A Vocation, part 1


My journey through the faith has seemed long and arduous for one who has only been Catholic for 7 years. I’ve passed through dryness, darkness, sadness and more than a couple faith crises. In all this, Jesus kept me strong. His Eucharistic presence remained a constant beacon of light and love. The Eucharist is ultimately what made me become Catholic and my life since then has always been about proclaiming the love of Christ in this Holy Sacrament.

Following my conversion, I stumbled into adoration, not knowing they were having it in the chapel. My eyes fell upon the white host in the golden monstrance. I didn’t altogether know what was going on but I knew I stared into the face of my Lord. I fell to my knees and gazed. Nothing else existed besides Him and I. After this, I thought I should become a religious sister. I contacted the Sisters of Notre Dame De Namur, a teaching order, and they told me I had to wait 4 years. Wait I did. In the meantime I believed God called me to marriage.

However, I had trouble finding a date and the poor boyfriend I eventually got was dragged constantly to Mass and adoration. My spiritual life afforded little time for a boyfriend. He realized my unavailability and soon broke up with me. Thing happened in this manner as my interest in prayer and study only grew.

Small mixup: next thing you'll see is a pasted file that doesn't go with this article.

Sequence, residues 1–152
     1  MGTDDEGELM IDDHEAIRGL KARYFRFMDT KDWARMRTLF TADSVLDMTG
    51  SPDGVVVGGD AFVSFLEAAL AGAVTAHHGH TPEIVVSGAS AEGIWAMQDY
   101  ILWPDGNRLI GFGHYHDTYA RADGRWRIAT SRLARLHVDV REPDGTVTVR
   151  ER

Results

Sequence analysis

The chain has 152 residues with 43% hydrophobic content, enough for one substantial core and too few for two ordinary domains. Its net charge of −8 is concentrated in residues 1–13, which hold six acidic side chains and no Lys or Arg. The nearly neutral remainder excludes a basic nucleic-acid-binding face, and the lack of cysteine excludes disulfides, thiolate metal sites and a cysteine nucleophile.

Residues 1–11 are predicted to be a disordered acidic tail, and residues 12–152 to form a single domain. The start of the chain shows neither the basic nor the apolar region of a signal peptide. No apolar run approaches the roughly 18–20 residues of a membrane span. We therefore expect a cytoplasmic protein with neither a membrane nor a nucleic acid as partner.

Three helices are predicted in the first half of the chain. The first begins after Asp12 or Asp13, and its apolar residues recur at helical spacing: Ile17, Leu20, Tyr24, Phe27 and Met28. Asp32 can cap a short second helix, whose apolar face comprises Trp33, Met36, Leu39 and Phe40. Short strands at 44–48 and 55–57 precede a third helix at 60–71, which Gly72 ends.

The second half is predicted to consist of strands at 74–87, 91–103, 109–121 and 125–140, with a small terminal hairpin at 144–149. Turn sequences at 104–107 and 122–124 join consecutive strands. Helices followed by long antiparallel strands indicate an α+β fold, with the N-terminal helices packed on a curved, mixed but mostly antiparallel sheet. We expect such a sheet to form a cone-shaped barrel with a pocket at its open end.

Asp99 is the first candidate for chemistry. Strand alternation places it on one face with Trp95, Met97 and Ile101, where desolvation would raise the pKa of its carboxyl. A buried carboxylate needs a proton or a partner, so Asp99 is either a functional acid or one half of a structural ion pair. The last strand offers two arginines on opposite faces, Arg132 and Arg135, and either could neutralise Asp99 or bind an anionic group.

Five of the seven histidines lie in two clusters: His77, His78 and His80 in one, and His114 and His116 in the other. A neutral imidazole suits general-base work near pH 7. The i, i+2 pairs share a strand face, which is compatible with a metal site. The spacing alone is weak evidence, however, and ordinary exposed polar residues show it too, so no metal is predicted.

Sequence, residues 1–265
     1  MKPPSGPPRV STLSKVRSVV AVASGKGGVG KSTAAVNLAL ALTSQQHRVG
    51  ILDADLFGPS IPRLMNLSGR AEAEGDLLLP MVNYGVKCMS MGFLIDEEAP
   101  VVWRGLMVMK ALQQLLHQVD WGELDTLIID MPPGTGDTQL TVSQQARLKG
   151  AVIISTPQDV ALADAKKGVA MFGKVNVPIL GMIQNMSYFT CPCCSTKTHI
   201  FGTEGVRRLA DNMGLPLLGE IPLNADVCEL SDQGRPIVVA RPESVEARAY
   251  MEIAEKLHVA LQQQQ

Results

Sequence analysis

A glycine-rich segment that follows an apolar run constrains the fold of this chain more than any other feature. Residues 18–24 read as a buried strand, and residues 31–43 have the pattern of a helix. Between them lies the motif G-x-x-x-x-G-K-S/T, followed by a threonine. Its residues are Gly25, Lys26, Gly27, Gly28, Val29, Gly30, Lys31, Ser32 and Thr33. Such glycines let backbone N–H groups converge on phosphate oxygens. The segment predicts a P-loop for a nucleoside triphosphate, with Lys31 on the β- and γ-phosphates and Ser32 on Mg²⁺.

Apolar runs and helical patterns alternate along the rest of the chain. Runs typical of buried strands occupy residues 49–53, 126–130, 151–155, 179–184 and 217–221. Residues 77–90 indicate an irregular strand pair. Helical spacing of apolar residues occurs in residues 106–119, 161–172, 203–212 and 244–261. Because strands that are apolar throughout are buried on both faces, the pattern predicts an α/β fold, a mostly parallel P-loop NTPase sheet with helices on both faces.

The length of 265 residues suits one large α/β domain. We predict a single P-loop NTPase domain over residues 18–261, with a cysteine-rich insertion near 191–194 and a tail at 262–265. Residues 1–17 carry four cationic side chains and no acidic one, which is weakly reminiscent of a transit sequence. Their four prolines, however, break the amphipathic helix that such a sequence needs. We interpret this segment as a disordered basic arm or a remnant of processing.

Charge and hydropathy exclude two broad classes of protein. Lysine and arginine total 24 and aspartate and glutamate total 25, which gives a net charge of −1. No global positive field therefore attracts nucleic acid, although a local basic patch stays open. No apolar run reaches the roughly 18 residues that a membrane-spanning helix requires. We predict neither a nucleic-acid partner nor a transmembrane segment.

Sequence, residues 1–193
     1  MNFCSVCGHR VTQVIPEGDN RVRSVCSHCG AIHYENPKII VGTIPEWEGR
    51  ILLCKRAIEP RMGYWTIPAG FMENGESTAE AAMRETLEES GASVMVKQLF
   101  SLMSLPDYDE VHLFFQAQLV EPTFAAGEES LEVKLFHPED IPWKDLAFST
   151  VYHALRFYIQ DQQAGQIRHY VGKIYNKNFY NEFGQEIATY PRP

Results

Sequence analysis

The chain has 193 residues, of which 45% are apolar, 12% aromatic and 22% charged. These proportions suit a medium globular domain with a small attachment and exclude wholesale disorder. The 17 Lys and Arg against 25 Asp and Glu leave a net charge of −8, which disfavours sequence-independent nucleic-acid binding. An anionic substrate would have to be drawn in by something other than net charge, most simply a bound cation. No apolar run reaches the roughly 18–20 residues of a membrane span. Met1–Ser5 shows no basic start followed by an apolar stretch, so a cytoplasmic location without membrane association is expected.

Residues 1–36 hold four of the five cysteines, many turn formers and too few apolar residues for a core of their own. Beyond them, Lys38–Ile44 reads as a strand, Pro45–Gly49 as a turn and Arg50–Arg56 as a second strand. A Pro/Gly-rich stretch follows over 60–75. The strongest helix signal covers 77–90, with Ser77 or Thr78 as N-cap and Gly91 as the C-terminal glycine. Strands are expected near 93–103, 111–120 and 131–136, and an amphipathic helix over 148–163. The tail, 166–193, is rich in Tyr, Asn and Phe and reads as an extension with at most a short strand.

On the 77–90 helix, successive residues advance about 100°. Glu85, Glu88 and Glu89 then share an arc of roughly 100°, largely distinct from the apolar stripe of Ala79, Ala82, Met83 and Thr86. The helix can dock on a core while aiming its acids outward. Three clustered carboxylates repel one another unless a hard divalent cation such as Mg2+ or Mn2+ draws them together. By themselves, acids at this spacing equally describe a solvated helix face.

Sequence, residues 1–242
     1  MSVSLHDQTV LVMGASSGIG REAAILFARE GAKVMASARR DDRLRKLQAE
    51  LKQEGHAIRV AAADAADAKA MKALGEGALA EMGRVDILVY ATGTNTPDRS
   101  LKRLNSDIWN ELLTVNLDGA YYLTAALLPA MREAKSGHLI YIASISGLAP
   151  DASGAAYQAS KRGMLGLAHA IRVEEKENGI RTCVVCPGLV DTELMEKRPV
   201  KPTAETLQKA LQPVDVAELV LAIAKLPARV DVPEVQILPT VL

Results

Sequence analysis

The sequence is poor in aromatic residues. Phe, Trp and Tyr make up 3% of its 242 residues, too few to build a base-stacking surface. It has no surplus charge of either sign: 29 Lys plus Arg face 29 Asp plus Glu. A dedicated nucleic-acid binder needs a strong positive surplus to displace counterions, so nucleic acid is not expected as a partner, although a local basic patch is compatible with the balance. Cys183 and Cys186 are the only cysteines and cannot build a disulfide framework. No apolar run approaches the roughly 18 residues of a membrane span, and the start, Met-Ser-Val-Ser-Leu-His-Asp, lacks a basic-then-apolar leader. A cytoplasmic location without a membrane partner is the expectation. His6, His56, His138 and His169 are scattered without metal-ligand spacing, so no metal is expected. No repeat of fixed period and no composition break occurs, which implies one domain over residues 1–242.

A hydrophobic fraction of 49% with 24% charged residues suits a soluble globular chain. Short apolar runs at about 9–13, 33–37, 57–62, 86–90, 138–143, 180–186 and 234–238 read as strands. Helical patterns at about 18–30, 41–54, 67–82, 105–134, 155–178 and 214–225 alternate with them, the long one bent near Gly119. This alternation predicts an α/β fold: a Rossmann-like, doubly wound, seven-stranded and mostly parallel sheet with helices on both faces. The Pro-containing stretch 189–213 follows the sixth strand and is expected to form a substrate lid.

Because of my hard and sinful past, I had difficulty finding a religious order that even would consider me. I contacted order after order who said either my past mental issues or loads of college debt made me out of the question. One vocation director told me “Don’t even bother to visit.”

Inside, I felt tormented because more than anything, I wanted to consecrate my life to God and serve him in a convent. I also struggled to discern whether I was called to be contemplative or active. Prayer and contemplation really drew me but also going out there and telling others about God. There was, and still is, a fire burning within that wanted to preach the Eucharist. In frustration I cried out “Where is an order that both ceaselessly adores the Eucharist and teaches people about Him?”

That weekend I went on a retreat and met the vocation director of the Mercedarian Sisters of the Blessed Sacrament. Sitting down with her, let’s call her Sister J., I went over all my frustrations. I divulged my past of emotional abuse, depression and self-injury, saying: “I didn’t know Jesus back then.” At the end of our conversation she invited me to discern with their community. Their charism by the way, was Eucharistic adoration and working to free people from their captivities. They vowed to give their life so others may be set free. I was once a captive. Could Jesus use me to deliver others?



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